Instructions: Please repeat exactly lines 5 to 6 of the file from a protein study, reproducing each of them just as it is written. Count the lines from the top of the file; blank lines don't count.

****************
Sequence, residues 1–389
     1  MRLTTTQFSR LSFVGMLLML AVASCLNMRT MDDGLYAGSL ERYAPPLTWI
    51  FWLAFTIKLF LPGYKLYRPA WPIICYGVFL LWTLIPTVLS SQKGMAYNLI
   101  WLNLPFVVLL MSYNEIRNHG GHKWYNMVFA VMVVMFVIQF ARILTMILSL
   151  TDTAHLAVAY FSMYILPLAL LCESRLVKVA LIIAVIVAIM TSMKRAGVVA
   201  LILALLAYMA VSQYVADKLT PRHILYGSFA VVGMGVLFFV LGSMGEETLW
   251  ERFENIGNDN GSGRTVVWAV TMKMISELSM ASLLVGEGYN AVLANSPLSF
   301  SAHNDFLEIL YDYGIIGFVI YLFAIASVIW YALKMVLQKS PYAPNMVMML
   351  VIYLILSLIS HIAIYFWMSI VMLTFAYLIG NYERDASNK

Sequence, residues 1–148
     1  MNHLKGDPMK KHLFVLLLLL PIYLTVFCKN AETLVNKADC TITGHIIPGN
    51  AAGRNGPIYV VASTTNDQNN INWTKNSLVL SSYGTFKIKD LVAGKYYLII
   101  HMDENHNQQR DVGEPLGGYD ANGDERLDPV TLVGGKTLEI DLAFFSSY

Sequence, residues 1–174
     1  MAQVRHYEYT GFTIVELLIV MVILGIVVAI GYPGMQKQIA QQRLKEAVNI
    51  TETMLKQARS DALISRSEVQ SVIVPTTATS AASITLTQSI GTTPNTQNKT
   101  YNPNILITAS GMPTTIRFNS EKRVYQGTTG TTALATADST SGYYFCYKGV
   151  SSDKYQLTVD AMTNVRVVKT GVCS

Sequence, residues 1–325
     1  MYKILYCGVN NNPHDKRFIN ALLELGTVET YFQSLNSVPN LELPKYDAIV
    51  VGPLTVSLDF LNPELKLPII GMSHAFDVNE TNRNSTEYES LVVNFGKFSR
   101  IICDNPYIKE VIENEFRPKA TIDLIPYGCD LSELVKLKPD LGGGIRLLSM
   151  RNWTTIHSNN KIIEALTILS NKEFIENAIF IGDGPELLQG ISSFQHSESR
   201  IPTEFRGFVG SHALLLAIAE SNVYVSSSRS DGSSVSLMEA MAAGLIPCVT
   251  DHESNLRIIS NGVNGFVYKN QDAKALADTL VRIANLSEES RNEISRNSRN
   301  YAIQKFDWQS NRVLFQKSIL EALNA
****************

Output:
   151  TDTAHLAVAY FSMYILPLAL LCESRLVKVA LIIAVIVAIM TSMKRAGVVA
   201  LILALLAYMA VSQYVADKLT PRHILYGSFA VVGMGVLFFV LGSMGEETLW